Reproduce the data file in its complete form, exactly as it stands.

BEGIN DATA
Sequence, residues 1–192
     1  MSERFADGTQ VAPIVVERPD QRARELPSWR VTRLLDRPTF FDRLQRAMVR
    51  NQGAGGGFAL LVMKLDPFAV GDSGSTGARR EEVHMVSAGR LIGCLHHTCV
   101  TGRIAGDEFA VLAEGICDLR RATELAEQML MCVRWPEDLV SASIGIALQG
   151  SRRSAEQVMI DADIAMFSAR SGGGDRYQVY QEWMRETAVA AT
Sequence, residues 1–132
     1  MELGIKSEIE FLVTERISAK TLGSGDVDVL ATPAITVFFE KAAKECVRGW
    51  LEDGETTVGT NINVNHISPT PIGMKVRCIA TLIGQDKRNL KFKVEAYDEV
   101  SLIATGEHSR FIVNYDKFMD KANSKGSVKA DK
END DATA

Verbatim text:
Sequence, residues 1–192
     1  MSERFADGTQ VAPIVVERPD QRARELPSWR VTRLLDRPTF FDRLQRAMVR
    51  NQGAGGGFAL LVMKLDPFAV GDSGSTGARR EEVHMVSAGR LIGCLHHTCV
   101  TGRIAGDEFA VLAEGICDLR RATELAEQML MCVRWPEDLV SASIGIALQG
   151  SRRSAEQVMI DADIAMFSAR SGGGDRYQVY QEWMRETAVA AT
Sequence, residues 1–132
     1  MELGIKSEIE FLVTERISAK TLGSGDVDVL ATPAITVFFE KAAKECVRGW
    51  LEDGETTVGT NINVNHISPT PIGMKVRCIA TLIGQDKRNL KFKVEAYDEV
   101  SLIATGEHSR FIVNYDKFMD KANSKGSVKA DK